In order to support the temperature sensor assembly 32 in the housing 10 against vibrations and mechanical shock loading, the mandrel 32 has a second support section 33 which extends outwardly from an interface line 43 at shoulder 30 joining the bore sections 26 and 28 where the low cohesion media filling is terminated. The sensor assembly support bore section 28, and the end bore or opening 20 are filled with a rigid potting material 44, that will rigidly and securely support the second support section 33 of the mandrel 32 relative to the housing 10. The rigid potting material is formed into a convex (domed) shape at the top of the opening, to extend above the top surface of the housing portions 16 and 18.
Suitable leads 46 extend from the temperature sensing wire or film 36 into the bore or opening 20, and are connected to a suitable connector 48 that is also held in place with a suitable potting material such as an epoxy, or cement (not shown).
The rigid potting material 44 is also used as a plug to hold the low cohesion powder potting material 40 in place, at the interface or shoulder 30 between the two bore sections 26 and 28. Preferably an elastomeric O-ring 45 can be placed at this junction for forming a radial seal, which prevents the epoxy from wicking into the material 40. If desired, a metal ring or bushing can be used instead of the O-ring. The metal ring would be brazed to the OD of mandrel section 33 and to the ID of the bore section 38.
In addition, the potting material 44 securely holds the outer end support section 33 so that the mandrel section 35 is held as a cantilever beam. This ensures good performance of the temperature sensing element 35 during vibration and mechanical and thermal shock because the rigid potting material 44 provides structural support, and the low cohesion media or powder 40 provides a necessary cushion and also limits displacement of the mandrel section 35 and the resistance element or wire 36.
While aluminum oxide has been found to be a preferred powder or potting material 40 for the temperature sensing section 33A, other types of low cohesion loose powder media that provide for adequate thermal conduction to the sensing element, and adequate distribution of stresses from differential expansion between the housing and the sensor element assembly can be used, such as powdered magnesium oxide, boron nitride and aluminum nitride. Additional potting materials that distribute stresses in substantially all directions can also be used.
The rigid support potting material 44 at the support end portion of the mandrel 33 essentially cantilevers the sensing element section 33A from a rigid or fixed support. Epoxy sold under the trademark Stycast® #2850 and epoxy sold under the marks Tra-Con® and Tri-bond® 816 HO1 have been found to be suitable rigid epoxies, but other epoxies having similar characteristics can be utilized, as well as cements, as long as the mandrel support section 33 is held rigidly relative to the housing 10.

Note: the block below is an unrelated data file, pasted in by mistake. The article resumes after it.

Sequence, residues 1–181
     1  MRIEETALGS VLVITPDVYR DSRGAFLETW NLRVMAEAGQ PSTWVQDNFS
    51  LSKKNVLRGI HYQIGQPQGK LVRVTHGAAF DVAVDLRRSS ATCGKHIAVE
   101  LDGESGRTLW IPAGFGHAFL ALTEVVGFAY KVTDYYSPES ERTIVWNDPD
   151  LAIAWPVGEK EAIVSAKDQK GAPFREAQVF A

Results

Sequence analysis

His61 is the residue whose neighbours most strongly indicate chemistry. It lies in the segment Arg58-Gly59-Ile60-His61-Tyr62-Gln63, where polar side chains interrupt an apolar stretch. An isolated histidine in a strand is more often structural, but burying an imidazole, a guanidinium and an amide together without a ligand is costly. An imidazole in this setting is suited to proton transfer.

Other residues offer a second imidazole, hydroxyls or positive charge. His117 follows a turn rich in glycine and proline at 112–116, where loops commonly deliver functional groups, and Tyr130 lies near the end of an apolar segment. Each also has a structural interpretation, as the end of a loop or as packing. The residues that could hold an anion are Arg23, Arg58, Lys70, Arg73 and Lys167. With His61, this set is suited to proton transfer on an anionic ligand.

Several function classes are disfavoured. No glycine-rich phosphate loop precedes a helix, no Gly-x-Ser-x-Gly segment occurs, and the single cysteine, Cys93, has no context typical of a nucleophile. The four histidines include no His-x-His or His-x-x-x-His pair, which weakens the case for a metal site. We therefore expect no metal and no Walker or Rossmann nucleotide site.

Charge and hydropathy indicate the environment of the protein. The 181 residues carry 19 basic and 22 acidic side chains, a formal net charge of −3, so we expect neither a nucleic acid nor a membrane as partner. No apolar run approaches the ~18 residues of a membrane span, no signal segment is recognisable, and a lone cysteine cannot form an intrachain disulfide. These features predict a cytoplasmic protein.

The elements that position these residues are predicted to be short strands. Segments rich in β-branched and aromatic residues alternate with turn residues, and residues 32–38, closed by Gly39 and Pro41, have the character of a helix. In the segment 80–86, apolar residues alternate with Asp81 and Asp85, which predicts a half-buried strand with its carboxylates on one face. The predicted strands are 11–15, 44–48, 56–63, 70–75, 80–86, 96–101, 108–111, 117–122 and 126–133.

The temperature sensing element section 62 is located in the bore 52 and is supported by a non-cohesive or shock absorbing loose powder or particulate potting material 66, which can be aluminum oxide, or other materials that will distribute stresses caused by differential expansion between the housing 50 and the temperature sensing assembly 58. The potting material 66 is capped or held in place by an epoxy or other rigid potting material 70 that rigidly supports the mandrel support section 64. The support section 64 forms a cantilever support for the temperature sensing section 62 to resist mechanical shock and vibrations.
The diameter D of the temperature sensing section 60 is suitably smaller than the diameter D1 of the bore section 52, to provide sufficient space for the non-cohesive or stress distributing potting material 66 to pack in place. Diameter D2 of bore section 54 is larger than both diameters D and D1. The lengths L1 and L2 can be selected to match the mandrel size. The length L of the temperature sensing element section 62 is shown less than the dimension L1 of the bore section 52 so that the non-cohesive loose powder potting material 66 will completely surround and support the temperature sensing element section 62.
The temperature sensing assembly 58, mounted in a housing 50 as shown, provides accurate temperature readings across a wide range of temperatures, with fast response even with substantial differences in coefficients of the thermal expansion of components.
The space between the powder particles is filled with dry air after the drying of the material, or the space can be filled with helium to enhance thermal conductivity in the section filled with powder. Helium filling is, most beneficial at temperatures below 77K, at which point the air would condense.
Although the present invention has been described with reference to preferred embodiments, workers skilled in the art will recognize that changes may be made in form and detail without departing from the spirit and scope of the invention.
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|U.S. Classification||374/185, 374/208, 374/E01.016|
|Mar 29, 2004||AS||Assignment|
Owner name: ROSEMOUNT AEROSPACE INC., MINNESOTA
Free format text: ASSIGNMENT OF ASSIGNORS INTEREST;ASSIGNORS:GLOZMAN, IRENE;PHILLIPS, RICHARD W.;POWELL, JAMES R.;REEL/FRAME:015150/0700
Effective date: 20040127
|Oct 13, 2009||FPAY||Fee payment|
Year of fee payment: 4
|Nov 22, 2013||REMI||Maintenance fee reminder mailed|
|Apr 11, 2014||LAPS||Lapse for failure to pay maintenance fees|
|Jun 3, 2014||FP||Expired due to failure to pay maintenance fee|
Effective date: 20140411